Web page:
When cut open, the fruit reveals a scoop of sweet pulp speckled with tiny black seeds (similar to a kiwi).
It's even a variety of Celestial Tea!
Dragon fruit looks so summery. Who’d think this exotic tropical charmer is a fall fruit—not to mention the fruit of a cactus? It's lightly sweet and pleasantly crunchy. Depending on the species, the skin is textured like dragon’s flesh. Dragon fruit is now grown in California and Florida, making it more available in U.S. markets. Depending on the species, the skin ranges in color from hot pink to red. There is also a yellow variety that has a more spiky, dragon-like texture. The flesh can be white, pink or magenta and has tiny, edible black seeds similar to those in kiwi fruit.
The fruit is a bit of a tease. The exterior looks resplendent but the flesh is on the mild side: like a watermelon that is only mildly sweet. The flavor comes up best when the fruit is chilled. Some varieties (look for the yellow skins) are more tart, which makes them more refreshing. Whenever something is exotic and seasonal, it’s reason enough to bring it to the table. The arresting-looking dragon fruit may not taste as luscious as the homely mango, but it’s crunchy and interesting. Or, in the word most used to describe dragon fruit, it’s exotic.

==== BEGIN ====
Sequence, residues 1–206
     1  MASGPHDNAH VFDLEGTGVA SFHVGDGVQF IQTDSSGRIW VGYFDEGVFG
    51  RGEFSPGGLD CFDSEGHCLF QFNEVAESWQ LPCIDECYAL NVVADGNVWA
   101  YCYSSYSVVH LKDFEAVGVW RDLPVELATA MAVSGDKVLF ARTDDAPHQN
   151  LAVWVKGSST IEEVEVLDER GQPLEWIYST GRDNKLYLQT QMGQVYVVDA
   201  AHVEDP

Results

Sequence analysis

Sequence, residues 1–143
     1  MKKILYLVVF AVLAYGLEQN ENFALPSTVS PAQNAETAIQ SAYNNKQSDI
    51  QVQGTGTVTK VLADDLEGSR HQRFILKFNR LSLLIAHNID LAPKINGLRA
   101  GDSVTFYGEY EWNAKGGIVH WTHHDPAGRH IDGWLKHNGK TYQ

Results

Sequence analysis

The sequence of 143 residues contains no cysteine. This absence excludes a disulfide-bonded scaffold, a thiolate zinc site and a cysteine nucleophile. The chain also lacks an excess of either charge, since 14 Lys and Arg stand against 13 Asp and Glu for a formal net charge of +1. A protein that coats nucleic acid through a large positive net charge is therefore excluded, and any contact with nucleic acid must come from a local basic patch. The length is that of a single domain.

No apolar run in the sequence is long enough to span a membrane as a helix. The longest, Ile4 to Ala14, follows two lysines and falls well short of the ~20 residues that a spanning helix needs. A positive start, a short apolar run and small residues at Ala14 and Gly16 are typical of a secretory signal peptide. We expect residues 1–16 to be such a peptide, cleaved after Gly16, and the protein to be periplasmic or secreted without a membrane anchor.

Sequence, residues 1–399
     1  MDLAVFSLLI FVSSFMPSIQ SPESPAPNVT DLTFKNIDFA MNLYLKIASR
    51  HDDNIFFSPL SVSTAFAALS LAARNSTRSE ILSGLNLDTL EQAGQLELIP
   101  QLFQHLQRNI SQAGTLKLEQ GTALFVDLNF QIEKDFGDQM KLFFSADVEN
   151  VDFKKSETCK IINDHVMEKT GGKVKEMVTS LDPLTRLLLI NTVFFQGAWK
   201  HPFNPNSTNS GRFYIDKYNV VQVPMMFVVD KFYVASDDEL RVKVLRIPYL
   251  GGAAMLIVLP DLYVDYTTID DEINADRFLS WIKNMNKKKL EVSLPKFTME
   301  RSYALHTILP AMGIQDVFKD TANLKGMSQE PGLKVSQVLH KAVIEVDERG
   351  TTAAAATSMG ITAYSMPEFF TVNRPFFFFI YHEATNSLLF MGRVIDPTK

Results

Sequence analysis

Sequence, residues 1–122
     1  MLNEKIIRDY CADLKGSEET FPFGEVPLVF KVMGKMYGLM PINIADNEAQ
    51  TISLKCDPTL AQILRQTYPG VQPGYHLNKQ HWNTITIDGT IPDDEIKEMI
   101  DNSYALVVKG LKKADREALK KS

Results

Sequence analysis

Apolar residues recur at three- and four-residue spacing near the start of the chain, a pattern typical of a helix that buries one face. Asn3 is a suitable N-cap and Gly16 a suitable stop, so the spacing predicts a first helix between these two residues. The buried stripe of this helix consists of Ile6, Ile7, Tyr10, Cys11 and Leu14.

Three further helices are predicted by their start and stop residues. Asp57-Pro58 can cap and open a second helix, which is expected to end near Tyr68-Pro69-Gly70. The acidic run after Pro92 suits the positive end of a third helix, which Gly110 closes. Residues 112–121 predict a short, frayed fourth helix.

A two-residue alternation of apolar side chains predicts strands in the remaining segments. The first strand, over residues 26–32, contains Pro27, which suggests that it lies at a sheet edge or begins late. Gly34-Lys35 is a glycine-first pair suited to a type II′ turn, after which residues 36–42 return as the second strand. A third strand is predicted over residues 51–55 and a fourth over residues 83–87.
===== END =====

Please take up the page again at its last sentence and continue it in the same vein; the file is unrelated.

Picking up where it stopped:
How To Eat Dragon Fruit: dragon fruit should be refrigerated, unwashed, for up to 5 days, and served chilled. To eat dragon fruit, just wash and peel it. Refrigerate cut fruit in an airtight container.
Dragon fruit is very nutritious, delivering B vitamins, calcium, carotene, fiber and vitamin C. The typical dragon fruit has 60 calories, reflecting the low sweetness level.
So quit "dragon" your feet and run to the supermarket to try a taste of this exotic fruit!